Obviously there was reaction from the other end. The mining contractor approached the district court on the ground that despite having a legally valid lease, he was not being allowed to commence mining. The district court issued summons to a few women of Kataldi and the Chipko veterans involved in the campaign. A stay on their entry into the leased area was ordered. But resistance continued resulting in contempt of court notices.
Almost a year after the first big gathering, December 2002 brought bad news! The district court gave a judgment in favour of the proprietor and mining activity commenced. There was no choice but to approach the court, and that led to a petition being filed in the name of Sreedhar Ramamurthi from Society for Mountain Environics and Mahesh Lakhera of Kataldi village. On December 20, 2002, the court issued a stay on mining. On February 3, 2003, the Divisional Forest Officer (DFO) in Narendranagar Forest Division sent a letter to the District Collector indicating that the mining posed a danger to the forests and to the plantations of the Forest Department. The stay was then extended till a hearing on February 18, 2003.
This was a significant turning point as it gave enough time to collect missing documents, including the one to prove that a significant portion of the leased area was Van Panchayat land and thereby needed clearance, which had not been obtained by the proprietor.
While the court action was on, dynamics continued at the local level. Those campaigners were approached for a compromise. At another level, a few residents of Kataldi brought together all the pradhans of the relevant villages who gave written statements, which were not in favour of the mining in the region.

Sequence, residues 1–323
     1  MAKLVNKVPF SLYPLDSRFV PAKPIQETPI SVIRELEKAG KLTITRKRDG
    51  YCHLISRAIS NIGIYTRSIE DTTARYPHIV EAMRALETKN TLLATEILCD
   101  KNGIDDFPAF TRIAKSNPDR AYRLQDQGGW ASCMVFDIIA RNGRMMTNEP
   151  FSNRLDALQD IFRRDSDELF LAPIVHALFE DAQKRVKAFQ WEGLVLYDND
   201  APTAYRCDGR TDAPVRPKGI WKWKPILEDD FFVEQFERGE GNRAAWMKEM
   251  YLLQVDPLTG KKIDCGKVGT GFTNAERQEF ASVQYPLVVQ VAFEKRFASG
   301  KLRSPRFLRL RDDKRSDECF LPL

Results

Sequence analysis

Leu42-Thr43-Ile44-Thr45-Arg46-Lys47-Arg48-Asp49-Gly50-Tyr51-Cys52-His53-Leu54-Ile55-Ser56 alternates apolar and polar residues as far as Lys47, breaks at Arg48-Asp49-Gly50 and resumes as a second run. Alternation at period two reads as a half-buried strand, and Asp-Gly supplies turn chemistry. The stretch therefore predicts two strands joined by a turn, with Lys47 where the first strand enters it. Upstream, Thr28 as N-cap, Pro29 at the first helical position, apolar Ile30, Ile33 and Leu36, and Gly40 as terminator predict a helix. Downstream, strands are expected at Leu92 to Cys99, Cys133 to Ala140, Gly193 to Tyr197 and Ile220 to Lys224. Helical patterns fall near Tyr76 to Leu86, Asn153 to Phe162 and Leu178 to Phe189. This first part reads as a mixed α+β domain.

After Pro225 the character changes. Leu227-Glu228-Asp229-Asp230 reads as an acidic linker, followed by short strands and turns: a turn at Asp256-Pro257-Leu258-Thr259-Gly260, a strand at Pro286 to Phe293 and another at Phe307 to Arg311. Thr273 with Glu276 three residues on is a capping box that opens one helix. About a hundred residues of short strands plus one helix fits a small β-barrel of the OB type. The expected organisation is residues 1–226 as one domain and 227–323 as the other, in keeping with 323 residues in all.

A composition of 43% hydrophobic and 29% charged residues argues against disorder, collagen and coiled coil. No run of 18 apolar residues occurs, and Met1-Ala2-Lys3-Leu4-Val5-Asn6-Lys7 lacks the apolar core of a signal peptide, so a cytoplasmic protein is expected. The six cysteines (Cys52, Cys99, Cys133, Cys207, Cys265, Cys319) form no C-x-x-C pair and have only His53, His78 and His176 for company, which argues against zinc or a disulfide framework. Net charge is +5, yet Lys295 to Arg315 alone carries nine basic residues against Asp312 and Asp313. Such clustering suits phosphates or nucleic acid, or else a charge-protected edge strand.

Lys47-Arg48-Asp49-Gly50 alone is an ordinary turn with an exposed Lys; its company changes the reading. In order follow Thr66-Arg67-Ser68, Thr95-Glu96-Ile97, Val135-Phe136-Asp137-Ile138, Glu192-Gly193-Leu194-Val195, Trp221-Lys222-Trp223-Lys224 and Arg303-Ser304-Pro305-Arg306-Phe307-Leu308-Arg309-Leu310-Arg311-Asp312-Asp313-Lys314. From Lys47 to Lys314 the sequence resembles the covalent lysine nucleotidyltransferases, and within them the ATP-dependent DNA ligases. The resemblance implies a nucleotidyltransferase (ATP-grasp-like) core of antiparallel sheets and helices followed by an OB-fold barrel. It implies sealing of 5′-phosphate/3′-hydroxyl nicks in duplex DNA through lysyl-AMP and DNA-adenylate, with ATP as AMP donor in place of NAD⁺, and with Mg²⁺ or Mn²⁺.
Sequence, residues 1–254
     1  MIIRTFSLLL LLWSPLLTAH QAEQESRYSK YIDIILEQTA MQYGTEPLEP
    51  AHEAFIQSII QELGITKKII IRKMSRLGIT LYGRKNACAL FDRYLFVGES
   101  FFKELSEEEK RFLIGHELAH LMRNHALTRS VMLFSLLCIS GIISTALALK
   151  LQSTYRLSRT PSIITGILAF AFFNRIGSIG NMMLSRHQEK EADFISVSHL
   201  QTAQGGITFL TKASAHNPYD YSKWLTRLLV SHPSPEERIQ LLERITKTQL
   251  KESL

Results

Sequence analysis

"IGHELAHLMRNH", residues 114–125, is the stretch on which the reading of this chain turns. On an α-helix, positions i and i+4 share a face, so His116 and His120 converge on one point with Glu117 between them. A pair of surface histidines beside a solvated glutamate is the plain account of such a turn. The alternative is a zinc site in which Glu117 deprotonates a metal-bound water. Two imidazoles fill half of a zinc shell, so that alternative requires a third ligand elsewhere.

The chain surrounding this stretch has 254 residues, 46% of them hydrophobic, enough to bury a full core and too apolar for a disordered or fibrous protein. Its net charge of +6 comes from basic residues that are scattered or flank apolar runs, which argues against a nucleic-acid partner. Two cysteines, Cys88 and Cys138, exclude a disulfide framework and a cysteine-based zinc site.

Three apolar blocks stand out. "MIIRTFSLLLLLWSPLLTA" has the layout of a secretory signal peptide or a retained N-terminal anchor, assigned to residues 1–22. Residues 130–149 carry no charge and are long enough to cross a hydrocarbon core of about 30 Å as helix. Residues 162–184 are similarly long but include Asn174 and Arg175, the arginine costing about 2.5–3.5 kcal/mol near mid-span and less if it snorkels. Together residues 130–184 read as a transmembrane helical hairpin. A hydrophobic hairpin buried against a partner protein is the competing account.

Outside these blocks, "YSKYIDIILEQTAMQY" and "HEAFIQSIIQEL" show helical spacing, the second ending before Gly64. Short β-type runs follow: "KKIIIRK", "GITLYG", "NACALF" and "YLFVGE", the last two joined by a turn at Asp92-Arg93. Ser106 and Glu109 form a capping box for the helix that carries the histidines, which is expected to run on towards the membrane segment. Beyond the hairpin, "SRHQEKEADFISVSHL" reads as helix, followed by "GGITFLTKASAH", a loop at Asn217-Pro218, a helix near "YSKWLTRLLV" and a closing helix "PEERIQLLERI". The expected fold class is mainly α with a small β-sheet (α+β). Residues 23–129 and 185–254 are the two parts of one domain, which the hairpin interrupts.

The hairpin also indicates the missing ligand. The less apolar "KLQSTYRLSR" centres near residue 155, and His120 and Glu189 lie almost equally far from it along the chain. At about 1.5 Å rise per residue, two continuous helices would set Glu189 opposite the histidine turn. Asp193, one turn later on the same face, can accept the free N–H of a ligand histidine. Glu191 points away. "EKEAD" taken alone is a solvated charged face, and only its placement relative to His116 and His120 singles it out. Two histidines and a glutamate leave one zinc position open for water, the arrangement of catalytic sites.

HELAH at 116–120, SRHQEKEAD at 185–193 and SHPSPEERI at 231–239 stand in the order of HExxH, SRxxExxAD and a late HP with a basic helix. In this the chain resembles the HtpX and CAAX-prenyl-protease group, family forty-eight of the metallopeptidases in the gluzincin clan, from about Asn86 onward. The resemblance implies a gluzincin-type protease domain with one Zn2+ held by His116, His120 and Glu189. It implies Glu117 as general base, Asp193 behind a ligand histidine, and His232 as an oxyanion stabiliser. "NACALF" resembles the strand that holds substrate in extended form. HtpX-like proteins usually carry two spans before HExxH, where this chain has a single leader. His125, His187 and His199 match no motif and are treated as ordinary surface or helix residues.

At the same time the High Court also set up a High Powered Committee, including the District Collector, to look into the matter. The committee allowed for mining operations to continue as a huge investment had already been made. However, to verify the contents of the letter by the DFO, the court asked the Conservator of Forests, Bhagirathi Circle, to file an affidavit indicating the actual status of the land and whether it required the mandatory forest clearance before commencing any activity. The affidavit was filed on September 20, 2003, which clearly stated that “it would attract the provisions of the Forest Conservation Act, 1980 and permission of Government of India would be a precondition before sanction of mining lease”. The affidavit also endorsed the DFO’s letter.
The September 23, 2003 order then stated, “The interim order dated December 20, 2002 will continue to operate until further orders”. There was a silent sigh of relief. This was not the final solution. After all, the proprietor still held a 30-year lease. The saga of Hemawalghati is a truly inspirational, yet ironical, example of how local people continue to fight to safeguard their lives, livelihoods and basic rights.
Note: On March 19, the Nainital High Court passed an interim order asking for a deposit of Rs. 25,000 from the petitioners and has some directions for the district court as well. The petitioners have been given 14 days to respond. The petitioners are in the process of getting the full set of papers in Delhi as well as at the village. Based on the exact order activists, residents of Kataldi and supporters in delhi will discuss the next steps to take.
The author is a member of Kalpavriksh Environmental Action Group and is based in Delhi.